Let us not forget that education goes beyond literacy. Education without morality is worse than illiteracy. School authorities must remember this when they are inviting people to interact with their students. They should be personalities whose lifestyles would inspire the students to live responsible lives and build the country.
I completed senior high school only in 2004 and still remember how high we upheld people who came to speak to us. We saw such people as role models, especially when they held influential positions. On such occasions, it isn’t just the words, but also the speaker’s life, that motivate the students. Indeed, a person’s life can preach a better sermon than his lips.
Not long after I had published the article in question, I bought a copy of the Africawatch magazine only to find a “Committee of Insults”, a profile of some insulting politicians in the country. The magazine, which is sold worldwide, said its aim was to “name and shame those who, by their words and deeds, bring Ghanaian politics into disrepute.”
The Chairman of the “Committee of Insults” was no any other person than Kennedy Ohene Agyapong. So was I wrong in suggesting that such insulting personalities be blacklisted in programmes meant for children?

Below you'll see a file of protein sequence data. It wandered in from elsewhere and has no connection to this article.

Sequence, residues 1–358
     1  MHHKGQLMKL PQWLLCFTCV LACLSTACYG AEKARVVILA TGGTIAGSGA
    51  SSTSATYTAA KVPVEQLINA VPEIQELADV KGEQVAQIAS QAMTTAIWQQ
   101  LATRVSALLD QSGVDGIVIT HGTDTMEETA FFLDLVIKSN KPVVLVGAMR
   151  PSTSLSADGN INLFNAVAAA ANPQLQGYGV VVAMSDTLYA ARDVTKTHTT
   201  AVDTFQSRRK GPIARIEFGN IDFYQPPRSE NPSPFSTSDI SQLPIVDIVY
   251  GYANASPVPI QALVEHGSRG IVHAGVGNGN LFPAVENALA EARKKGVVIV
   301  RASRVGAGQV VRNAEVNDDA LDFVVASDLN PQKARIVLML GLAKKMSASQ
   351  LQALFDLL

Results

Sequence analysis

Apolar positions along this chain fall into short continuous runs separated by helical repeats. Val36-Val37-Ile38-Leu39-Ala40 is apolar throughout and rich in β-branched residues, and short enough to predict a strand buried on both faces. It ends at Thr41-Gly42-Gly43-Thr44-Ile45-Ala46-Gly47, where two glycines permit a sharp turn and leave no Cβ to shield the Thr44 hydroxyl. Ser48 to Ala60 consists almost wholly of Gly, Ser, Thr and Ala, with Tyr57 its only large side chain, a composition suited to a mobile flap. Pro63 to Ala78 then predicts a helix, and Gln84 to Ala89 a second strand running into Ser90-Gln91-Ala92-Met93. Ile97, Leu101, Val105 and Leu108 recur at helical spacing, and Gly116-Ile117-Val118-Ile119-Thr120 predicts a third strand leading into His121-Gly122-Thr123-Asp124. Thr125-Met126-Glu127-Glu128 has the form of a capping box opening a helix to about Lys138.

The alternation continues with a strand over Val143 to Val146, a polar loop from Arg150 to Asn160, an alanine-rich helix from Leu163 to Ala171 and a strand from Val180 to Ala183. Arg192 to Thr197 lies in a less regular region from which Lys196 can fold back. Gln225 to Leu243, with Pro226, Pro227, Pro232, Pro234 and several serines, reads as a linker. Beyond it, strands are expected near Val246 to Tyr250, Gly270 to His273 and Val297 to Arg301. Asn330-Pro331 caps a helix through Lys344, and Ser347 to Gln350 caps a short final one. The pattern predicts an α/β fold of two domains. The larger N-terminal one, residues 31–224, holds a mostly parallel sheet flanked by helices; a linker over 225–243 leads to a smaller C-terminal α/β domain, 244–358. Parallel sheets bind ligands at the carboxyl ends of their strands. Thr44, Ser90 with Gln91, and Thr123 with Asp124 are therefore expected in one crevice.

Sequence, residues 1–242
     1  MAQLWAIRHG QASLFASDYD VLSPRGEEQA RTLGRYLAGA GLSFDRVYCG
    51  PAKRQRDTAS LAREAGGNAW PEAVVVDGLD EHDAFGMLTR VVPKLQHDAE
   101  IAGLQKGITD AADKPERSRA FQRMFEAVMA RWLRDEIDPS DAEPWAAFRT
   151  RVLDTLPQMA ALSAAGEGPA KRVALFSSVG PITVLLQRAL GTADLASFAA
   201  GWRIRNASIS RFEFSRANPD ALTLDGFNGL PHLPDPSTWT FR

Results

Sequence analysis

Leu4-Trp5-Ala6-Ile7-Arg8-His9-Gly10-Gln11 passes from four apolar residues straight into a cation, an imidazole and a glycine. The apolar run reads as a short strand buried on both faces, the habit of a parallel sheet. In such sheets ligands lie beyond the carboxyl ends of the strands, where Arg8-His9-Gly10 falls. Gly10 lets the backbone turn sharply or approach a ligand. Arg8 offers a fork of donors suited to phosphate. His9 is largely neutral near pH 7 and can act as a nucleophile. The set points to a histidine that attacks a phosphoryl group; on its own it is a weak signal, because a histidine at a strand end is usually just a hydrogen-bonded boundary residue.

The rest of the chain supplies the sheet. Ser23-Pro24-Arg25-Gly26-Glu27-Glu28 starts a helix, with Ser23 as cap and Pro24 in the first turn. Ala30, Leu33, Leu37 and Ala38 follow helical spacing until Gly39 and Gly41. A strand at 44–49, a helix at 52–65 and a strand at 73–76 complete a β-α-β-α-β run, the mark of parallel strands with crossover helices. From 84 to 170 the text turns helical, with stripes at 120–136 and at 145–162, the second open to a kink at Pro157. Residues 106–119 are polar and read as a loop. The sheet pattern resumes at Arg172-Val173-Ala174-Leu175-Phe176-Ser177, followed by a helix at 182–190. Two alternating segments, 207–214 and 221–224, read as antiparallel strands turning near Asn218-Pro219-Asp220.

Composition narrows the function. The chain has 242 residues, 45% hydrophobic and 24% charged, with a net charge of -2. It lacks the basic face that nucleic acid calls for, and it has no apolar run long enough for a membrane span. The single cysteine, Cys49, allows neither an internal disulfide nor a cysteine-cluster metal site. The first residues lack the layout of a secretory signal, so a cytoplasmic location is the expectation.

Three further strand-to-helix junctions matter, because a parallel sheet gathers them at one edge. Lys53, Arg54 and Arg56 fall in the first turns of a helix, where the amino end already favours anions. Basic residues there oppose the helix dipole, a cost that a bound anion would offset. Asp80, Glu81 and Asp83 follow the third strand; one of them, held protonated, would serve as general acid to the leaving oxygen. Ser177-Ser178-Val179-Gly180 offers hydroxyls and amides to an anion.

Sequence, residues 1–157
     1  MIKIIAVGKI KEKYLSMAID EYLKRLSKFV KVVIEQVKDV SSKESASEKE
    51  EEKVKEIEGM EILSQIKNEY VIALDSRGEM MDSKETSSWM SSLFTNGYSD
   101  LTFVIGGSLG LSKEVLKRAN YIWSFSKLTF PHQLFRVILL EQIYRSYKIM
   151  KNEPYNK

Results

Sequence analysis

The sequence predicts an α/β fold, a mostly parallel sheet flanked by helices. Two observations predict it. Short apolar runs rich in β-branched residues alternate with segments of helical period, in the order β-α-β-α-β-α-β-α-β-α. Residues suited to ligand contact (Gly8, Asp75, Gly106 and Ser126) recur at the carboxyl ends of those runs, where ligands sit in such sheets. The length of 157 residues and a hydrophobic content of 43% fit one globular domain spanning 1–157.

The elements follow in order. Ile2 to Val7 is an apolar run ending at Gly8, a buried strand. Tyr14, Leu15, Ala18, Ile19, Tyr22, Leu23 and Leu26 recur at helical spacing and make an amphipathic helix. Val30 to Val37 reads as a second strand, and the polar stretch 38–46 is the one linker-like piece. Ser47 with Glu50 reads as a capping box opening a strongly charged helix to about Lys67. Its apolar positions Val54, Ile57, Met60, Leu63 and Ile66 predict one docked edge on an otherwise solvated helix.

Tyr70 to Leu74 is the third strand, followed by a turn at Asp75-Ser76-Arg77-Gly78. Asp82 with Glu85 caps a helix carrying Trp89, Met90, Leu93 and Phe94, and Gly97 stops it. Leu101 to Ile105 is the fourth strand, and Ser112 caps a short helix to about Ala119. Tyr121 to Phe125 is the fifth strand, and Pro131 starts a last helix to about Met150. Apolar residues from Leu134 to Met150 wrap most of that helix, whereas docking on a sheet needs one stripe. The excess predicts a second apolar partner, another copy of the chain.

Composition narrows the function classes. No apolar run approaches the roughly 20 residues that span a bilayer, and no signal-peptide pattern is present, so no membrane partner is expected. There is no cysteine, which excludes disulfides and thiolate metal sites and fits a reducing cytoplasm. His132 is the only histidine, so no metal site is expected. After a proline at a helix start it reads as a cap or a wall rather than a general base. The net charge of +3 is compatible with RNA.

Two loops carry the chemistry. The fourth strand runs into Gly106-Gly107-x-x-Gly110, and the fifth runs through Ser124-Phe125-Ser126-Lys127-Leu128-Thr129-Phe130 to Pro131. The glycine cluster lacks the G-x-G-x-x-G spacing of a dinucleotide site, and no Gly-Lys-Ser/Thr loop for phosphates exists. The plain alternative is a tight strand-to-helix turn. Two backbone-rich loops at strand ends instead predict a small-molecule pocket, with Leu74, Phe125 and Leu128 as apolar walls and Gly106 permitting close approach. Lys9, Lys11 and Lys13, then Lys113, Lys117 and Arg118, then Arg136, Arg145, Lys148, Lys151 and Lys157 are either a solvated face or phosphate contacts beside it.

I have nothing against Mr. Agyapong. Neither do I have anything against Adisadel College. But I can’t bring myself to understand why he was the preferred choice over the thousands of other Santaclusians. Are our educational institutions beginning to act like these hypocritical churches who care more about the tithe than the salvation of the tithe payer? If someone donates generously to the school, must he or she be accorded such an honour to speak irrespective of how they conduct themselves in society?